For example, if most teams suffer a rash of injuries, the boat starts to sink. But, if that happens to the Buckeyes or the Crimson Tide, those teams just roll out a younger five-star player off the bench. The bottom line is that I don’t really believe this line to be terribly accurate, but it is the line that is consistent with my methodology. Then again, elite teams are only elite until they aren’t, and college football is a weird and unpredictable game.

A look back at the recent history of the line for the Spartan-Buckeye matchup in Spartan Stadium is notable. This century, the opening line has only been over a touchdown once, in 2016, when the Buckeyes were favored by 21.5-points (and only won by a single point). Then again, MSU has only beaten OSU twice at home since the mid-1970s (in 1988 and in 1999).

If you would like a dose of blind optimism for this matchup, I can tell you that the game in recent history with the closest line to my projected one was the contest in 2015 when a Conner Cook-less Spartans came into Columbus as a 13-point underdog but ended the game with a walk-off field goal make and a windmill celebration by Michael Geiger.

Week 8: MSU at Penn State (-18.5); Odds to win: 10%

Penn State Composite Rank: 5 (Athlon: 5, Lindy’s: 6, ESPN: 7)

From a mathematical point of view, the Nittany Lions are only slightly behind the Buckeyes in ranking and this contest is on the road as opposed to at home. In my baseline analysis, home-field advantage is worth about three-points relative to the neutral field, so the home- versus-away swing is closer to six points. Add it all up and Penn State winds up being a tougher game than the Ohio State game by 5.5 points.

Once again, I am not sure that I completely believe these numbers. It seems more likely that the games will have a similar line or that the line versus the Buckeyes will actually be higher. Either way, the reality of the situation will be much more evident in early December, assuming that the season makes it that far.

Regarding recent history, the Spartans have been double-digit underdogs in Happy Valley multiple times. This includes being 14-point underdogs in 2008, 11.5-point underdogs in 2016, and 14.5-point underdogs in 2018. MSU did manage to pull a major upset in 2018, but the Spartans lost by over 30 points in the other two contests. Unfortunately, the closest line to the projected one occurred in 2002 when MSU was a 21-point underdog and proceeded to lose 61-7.

Add It Up

If we sum up the odds for each individual game, the total works out to 3.1, which is equal to the expected number of wins for MSU in 2020. In other words, a 3-5 final record is most likely. This is consistent with the analysis that I performed a few weeks ago when the revised schedule was released.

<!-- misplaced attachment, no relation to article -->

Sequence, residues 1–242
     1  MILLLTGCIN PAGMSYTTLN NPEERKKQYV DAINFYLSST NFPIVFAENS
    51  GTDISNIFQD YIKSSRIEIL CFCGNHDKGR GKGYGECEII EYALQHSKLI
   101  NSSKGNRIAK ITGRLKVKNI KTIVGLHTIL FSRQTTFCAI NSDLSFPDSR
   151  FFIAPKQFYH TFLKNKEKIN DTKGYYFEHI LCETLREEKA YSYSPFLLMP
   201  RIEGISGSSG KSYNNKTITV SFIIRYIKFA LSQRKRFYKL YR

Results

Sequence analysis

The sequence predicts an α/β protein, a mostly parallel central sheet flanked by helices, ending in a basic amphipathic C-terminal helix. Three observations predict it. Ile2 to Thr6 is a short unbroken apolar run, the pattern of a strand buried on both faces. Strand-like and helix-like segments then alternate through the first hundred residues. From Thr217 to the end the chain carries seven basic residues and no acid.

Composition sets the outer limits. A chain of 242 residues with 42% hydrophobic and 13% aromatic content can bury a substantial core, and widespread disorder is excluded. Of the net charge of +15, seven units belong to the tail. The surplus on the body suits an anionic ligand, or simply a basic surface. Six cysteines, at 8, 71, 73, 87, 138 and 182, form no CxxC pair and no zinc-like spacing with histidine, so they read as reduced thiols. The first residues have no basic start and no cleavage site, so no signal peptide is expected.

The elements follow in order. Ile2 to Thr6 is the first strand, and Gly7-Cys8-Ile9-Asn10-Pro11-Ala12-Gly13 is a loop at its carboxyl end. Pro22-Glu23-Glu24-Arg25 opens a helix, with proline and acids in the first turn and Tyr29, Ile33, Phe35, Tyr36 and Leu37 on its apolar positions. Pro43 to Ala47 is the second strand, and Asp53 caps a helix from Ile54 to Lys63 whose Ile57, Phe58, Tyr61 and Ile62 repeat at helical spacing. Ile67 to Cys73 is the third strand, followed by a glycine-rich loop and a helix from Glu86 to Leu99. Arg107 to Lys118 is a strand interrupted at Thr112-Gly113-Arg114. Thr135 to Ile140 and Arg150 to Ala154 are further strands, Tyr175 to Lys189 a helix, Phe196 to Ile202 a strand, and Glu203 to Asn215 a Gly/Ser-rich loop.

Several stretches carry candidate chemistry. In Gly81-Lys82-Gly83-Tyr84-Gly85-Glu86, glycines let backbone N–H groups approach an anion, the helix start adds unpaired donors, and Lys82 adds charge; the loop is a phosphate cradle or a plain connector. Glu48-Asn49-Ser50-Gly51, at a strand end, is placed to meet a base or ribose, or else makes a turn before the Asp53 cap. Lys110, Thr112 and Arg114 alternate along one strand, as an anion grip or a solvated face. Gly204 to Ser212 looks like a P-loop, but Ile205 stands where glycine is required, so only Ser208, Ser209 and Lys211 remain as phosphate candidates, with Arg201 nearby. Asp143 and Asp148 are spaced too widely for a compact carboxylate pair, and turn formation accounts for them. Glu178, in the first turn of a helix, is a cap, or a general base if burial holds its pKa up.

If we look at the schedule is more detail, there are clearly three distinct groups of games:

  • Should win: vs. Rutgers
  • Toss-ups: vs. Indiana, at Maryland, and vs. Northwestern
  • Long-shots: at Michigan, at Iowa, vs. Ohio State, and at Penn State

The expected number of wins for the “should win” and “toss-up” games is 2.4 wins. If that doesn’t make you a bit nervous as a Spartan fan, it probably should. This suggests that it is slightly more likely that MSU goes 2-2 in those games than it is that MSU goes 3-1. The odds that MSU wins all four of those games is about 12 percent, based on the odds given above.

On the other hand, the expected number of wins for the four long-shot games works out to a value of 0.7 wins. So, it is actually slightly more likely than not that MSU finds a way to steal at least one victory from that group of games. Specifically, the math suggests that the odds MSU wins at least one of those four games is 55 percent.

The optimistic roadmap for MSU’s season then looks something like this. First, beat Rutgers. This is a must or the whole season is off the rails before it even starts. Then, try to steal at least one of the next two games at Michigan or at Iowa (preferably at Michigan, for obvious reasons). The Spartans would then be 2-1 headed into a stretch of tricky, but winnable games.

If MSU could then somehow sweep those three games, a winning season is guaranteed, which would be a great accomplishment. If MSU were to only win two of the three toss-ups, that would still ensure four wins season, and I would take that (especially with a win in Ann Arbor). Either way, the last two games against Ohio State and Penn State are just gravy.

The pessimistic roadmap for the season likely involves losing at both Michigan and at Iowa to start 1-2 or worse. Then MSU would need to win two of the toss-ups to avoid a 2-4 record or worse with Penn State and Ohio State remaining. That would not be ideal.

In any event, it is nice to speculate about a future when Big Ten football will actually make its return. If all goes well, kickoff is only 17 days away.